Federal Reserve Education
Free tools and materials to better understand money and economics. http://www.federalreserveeducation.org
It starts with being smart about money. The U.S. Department of Housing and Urban Development (HUD) wants all Americans to manage their money and have the option of preparing for homeownership.
Watch Spending and Savings Putting a little money aside every month takes hard work and difficult choices. But the rewards are great. Learn about the power of compound interest. Teach your children that a few hundred dollars invested now can turn into thousands of dollars over time. MyMoney.gov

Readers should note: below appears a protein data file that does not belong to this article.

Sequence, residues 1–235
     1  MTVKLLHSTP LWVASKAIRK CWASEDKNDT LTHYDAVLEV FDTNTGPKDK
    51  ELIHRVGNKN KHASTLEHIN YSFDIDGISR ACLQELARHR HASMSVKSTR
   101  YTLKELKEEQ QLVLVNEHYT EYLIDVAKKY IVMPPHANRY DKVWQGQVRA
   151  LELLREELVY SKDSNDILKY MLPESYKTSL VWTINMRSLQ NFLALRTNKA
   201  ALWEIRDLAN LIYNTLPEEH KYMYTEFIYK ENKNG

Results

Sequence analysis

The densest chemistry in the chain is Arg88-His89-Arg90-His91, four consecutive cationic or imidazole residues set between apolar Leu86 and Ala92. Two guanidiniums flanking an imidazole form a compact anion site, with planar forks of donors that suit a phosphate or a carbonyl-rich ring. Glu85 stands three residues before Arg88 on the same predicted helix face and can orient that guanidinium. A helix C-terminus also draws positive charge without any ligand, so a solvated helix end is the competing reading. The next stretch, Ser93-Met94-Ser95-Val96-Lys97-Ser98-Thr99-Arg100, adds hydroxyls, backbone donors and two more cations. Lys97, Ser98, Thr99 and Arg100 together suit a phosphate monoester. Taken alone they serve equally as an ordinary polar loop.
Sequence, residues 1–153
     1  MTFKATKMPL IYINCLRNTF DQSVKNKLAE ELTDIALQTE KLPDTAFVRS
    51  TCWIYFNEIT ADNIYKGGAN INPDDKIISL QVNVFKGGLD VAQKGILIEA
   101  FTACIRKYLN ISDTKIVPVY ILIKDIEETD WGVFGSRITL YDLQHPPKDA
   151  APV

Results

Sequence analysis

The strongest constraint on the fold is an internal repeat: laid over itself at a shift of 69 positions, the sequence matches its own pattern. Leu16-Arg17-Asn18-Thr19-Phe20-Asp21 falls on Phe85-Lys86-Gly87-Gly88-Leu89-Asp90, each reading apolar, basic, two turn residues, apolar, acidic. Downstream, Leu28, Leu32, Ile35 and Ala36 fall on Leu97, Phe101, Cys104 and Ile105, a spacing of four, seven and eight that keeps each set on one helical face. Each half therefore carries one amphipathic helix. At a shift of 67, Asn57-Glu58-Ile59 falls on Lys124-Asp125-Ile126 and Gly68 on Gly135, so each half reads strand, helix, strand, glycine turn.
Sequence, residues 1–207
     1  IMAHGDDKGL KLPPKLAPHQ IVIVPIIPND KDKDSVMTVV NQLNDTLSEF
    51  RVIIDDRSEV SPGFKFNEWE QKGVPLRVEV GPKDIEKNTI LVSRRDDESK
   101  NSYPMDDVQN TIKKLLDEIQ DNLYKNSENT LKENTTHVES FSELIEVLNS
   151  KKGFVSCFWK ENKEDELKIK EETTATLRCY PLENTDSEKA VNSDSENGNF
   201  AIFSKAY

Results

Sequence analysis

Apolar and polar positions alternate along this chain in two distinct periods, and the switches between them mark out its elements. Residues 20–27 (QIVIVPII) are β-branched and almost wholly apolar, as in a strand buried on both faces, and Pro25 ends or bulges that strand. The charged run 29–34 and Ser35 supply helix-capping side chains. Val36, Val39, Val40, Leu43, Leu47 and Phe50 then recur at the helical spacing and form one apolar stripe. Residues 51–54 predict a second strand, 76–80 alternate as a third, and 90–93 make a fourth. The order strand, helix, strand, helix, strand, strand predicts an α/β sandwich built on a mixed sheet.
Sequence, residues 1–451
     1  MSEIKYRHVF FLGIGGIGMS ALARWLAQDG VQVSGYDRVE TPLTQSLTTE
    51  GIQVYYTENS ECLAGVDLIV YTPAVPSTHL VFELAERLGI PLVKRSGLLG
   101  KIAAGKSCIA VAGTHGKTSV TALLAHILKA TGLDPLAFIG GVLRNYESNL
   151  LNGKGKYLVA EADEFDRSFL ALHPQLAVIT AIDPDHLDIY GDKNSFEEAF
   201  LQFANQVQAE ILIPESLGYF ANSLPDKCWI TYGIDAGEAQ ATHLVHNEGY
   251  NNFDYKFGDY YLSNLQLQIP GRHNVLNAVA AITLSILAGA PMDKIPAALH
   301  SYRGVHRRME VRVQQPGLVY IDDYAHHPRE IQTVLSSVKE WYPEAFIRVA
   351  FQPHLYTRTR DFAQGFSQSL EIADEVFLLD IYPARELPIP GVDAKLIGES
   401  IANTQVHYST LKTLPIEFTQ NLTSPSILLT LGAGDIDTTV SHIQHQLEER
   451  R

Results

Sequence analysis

The basics of ﬁnancial education. 1-888-MyMoney (696-6639) http://www.mymoney.gov
Resources are available from the federal government and non-profit and business groups. Many are free and on the Internet. If you do not have Internet access, visit your local public library or HUD-sponsored Neighborhood Networks.
Industry-led alliance to help homeowners in distress. 1-888-995-HOPE (4673) http://www.hopenow.com
Provides foreclosure workshops and counseling to mortgage borrowers, and ﬁnancial education to those considering buying a home. http://www.nw.org
National Foundation for Debt Management
Its “Right Track” program is designed to help consumers regain control of their money. http://www.nfdm.org